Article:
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>> neil: melissa, bottom line, all these financial guys who have been talking about these strong head winds, are the stale talking about the same strong head winds? >> we're getting a peek at some proprietary data here inside jp morgan shays they don't show that shows how that make their decisions. shows the consumers are back. they're spending optionen homes and travel and the rest of america said enough with washington and they're trying to go on with their lives and business. >> neil: all right. mel lisa, thank you. larry, thank you. by the way, you can catch on the next hour, melissa francis for the sitdown with jamie dialed. don't miss this. and all you folks who watch "the five," dvr it. just for today, we rule indicate it killing the five and killing o'reilly, and it's watching melissa and then tonight at 8:00 watching me. doesn't get better than that.
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>> neil: the president and top congressional leaders will be discussing these cuts at the white house but only hours before the cutbacks kick in. congressman, what do you think? >> well, neil, it's great to be with you. i'm not sure whether we're going
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to need the caped crusader the previous guest was talking about. look, i think if the leaders can get together and do two things. one, come up with a plan to replace the sequester for a period of time. even if it's a relatively short period of time, two or three months. and then use that time to try and get a framework on the longer term agreement -- >> neil: been there, done that. >> well, actually, the reason we keep luhr 'king from artificial crisis to artificial crisis we have not got an comprehensive grand bargain done. so if we can find a way to replace the sequester for a period of time and use that time productively, to try to get a longer term agreement so that, again, we're out of the sequester, we're out of the threat of government shutdowns, we're no longer having these threats over whether or not the united states will pay its debts and its obligations that would provide some certainty to the economy and allow us to move
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forward on the jobs front. >> neil: isn't the greater risk to the economy this constant maneuvering to do just what you're saying? that everytime we're up against the brink we find a way to just move the goalposts? >> well, that's why i think we should use this time, next two or three months, first to replace the sequester so you don't begin to see the very negative impacts of the sequester, and according to the nonpartisan congressional budget office, if you allow the sequester to take full effect from march to the end of the year you'll have 750,000 fewer american jobs. that's not me. that's the independent congressional budget office. >> neil: think that through, congressman. let's say it's right and that's the latest number they'reogy. but we're talking $85 billion, half of which in forward years and this is something that has become the source of great acrimony that -- you know the budget numbers better than most -- know it's fairly -- a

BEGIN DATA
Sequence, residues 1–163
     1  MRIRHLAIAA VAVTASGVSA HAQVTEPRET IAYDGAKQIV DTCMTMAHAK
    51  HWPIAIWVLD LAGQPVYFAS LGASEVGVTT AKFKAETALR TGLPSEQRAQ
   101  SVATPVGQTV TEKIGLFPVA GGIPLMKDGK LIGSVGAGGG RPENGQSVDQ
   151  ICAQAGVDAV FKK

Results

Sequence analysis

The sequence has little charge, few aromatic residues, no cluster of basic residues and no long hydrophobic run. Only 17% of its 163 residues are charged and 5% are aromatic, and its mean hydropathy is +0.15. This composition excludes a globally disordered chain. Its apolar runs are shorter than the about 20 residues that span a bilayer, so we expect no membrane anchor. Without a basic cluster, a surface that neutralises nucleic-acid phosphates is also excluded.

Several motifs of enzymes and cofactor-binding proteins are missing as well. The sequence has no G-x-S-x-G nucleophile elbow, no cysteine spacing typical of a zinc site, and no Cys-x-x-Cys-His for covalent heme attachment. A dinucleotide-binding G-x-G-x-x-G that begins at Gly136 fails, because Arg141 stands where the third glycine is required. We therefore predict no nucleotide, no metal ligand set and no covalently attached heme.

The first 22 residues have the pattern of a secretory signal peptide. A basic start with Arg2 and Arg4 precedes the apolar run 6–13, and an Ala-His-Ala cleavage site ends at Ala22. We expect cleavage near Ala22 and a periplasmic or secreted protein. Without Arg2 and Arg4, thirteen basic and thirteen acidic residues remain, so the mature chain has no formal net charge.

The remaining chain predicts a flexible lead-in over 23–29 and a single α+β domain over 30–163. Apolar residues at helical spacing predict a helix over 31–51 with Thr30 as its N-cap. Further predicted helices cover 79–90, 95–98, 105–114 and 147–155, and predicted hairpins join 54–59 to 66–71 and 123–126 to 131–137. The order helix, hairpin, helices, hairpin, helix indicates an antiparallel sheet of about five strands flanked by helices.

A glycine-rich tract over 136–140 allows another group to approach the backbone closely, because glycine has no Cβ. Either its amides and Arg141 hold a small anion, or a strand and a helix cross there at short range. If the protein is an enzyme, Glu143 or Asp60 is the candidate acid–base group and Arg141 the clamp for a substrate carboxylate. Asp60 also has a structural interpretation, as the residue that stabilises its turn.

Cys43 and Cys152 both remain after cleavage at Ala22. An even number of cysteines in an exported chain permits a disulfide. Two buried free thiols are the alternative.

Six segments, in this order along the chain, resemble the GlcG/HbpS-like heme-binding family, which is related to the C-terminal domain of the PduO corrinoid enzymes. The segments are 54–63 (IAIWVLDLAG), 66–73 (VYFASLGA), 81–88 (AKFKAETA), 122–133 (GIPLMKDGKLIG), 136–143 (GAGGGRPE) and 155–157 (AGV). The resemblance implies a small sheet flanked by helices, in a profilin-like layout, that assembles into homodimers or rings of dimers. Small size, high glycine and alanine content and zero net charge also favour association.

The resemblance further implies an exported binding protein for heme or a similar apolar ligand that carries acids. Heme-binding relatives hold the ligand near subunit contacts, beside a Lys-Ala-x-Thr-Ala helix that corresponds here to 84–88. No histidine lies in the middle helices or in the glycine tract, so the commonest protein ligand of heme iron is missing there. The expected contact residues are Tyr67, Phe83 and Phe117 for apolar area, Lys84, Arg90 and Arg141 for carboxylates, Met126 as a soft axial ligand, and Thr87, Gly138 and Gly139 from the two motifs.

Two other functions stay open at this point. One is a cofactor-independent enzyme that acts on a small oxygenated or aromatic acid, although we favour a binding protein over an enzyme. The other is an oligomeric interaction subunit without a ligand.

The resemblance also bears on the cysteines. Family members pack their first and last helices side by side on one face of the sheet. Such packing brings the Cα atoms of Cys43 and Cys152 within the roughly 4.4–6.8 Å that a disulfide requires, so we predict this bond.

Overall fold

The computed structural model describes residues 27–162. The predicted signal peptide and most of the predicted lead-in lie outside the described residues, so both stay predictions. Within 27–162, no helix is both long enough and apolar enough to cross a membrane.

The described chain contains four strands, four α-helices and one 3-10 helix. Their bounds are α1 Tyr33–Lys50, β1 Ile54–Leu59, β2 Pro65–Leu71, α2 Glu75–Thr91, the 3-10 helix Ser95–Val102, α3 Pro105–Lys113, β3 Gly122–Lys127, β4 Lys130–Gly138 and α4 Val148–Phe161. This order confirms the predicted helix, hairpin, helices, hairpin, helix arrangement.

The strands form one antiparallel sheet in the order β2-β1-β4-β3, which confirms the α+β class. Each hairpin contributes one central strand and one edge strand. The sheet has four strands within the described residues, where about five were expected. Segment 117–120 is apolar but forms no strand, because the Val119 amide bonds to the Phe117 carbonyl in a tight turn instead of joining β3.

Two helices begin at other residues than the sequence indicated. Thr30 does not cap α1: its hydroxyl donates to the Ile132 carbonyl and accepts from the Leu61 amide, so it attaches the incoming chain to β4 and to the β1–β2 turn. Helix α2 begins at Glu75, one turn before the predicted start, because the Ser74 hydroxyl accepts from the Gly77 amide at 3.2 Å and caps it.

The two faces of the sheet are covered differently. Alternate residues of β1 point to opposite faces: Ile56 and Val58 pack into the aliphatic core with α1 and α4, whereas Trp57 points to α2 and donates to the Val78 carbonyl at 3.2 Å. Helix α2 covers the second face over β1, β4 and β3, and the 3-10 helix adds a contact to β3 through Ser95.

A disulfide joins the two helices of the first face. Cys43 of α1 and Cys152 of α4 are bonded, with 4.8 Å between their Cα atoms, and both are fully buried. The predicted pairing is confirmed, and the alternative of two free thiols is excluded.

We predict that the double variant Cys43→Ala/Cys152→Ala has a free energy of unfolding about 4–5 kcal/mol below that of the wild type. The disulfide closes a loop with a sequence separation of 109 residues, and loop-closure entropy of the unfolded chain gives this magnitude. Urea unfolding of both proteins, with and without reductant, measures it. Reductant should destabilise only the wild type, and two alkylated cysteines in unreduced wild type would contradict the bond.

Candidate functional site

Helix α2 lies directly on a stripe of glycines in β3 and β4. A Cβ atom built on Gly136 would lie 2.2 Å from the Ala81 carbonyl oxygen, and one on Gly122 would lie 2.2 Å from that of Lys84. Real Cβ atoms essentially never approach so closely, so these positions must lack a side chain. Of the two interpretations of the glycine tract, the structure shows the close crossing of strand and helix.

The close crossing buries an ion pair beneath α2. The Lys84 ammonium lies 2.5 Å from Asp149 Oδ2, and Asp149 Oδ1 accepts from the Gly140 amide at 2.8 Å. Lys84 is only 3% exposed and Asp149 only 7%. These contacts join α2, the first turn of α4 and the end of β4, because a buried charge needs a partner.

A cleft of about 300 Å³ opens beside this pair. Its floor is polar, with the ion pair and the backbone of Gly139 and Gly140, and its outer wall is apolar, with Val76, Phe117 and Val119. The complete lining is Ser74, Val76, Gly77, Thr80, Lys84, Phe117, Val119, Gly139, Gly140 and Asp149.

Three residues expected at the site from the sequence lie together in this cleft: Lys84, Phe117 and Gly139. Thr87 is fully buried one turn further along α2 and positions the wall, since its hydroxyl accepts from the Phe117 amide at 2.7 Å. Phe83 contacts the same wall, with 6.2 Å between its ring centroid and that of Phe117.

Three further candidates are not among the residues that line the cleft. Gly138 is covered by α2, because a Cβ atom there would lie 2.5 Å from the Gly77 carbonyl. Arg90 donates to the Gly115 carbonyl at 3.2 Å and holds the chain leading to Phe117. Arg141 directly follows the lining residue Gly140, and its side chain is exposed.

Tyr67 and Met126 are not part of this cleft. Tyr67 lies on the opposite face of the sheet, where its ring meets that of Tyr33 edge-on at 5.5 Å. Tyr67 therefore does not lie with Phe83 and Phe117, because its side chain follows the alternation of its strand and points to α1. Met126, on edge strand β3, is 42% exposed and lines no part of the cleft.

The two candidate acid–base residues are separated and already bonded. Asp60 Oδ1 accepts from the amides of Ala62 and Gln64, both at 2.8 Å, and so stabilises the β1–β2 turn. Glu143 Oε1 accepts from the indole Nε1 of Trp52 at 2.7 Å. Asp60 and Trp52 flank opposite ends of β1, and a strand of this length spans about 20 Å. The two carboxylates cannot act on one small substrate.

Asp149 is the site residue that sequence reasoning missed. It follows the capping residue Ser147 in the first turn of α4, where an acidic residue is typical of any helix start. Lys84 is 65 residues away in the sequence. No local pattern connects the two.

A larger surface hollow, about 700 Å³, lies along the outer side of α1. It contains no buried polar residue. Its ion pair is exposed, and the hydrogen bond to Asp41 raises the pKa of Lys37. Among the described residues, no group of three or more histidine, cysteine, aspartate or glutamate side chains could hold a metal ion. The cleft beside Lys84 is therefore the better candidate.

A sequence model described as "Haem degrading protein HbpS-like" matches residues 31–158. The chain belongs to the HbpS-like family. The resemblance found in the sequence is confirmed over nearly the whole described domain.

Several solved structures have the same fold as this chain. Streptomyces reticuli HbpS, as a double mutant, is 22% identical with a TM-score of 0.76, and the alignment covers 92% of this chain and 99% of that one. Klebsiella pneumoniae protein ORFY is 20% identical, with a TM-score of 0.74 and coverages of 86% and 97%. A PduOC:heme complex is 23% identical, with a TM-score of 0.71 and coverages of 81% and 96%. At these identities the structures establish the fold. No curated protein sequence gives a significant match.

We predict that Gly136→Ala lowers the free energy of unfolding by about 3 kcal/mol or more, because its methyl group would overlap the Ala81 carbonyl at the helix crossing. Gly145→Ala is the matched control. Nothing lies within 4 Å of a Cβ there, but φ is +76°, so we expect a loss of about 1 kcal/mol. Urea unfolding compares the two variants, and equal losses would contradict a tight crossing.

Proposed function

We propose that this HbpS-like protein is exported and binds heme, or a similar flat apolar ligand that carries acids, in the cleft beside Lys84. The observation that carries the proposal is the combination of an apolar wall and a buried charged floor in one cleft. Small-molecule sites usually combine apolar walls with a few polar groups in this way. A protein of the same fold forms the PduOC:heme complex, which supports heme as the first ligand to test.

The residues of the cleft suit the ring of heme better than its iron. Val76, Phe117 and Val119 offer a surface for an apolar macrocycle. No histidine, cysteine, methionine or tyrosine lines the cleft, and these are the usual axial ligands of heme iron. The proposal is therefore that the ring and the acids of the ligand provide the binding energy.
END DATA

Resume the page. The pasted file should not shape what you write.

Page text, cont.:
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rounding error. $85 billion really, and we have north of $3.6 trillion budget. a 60 plus dribble defendant. if we can't get around to do something like this, we'll never get around to do anything of the things you outlined. >> well, aagree we should be able to reduce the deficit by this much and a whole lot more. and just yesterday for the third time this year i asked for a vote in the house of representatives on an alternative proposal that i put forward that would achieve the same amount of defendant sit reduction spread out over a period of time through cuts and revenue, and you wouldn't have the economic disruption. you would not lose 750,000 jobs, which in this economy, which is growing very slowly, is nothing to sneeze at. >> neil: do you think, congressman -- you talked general lip about the job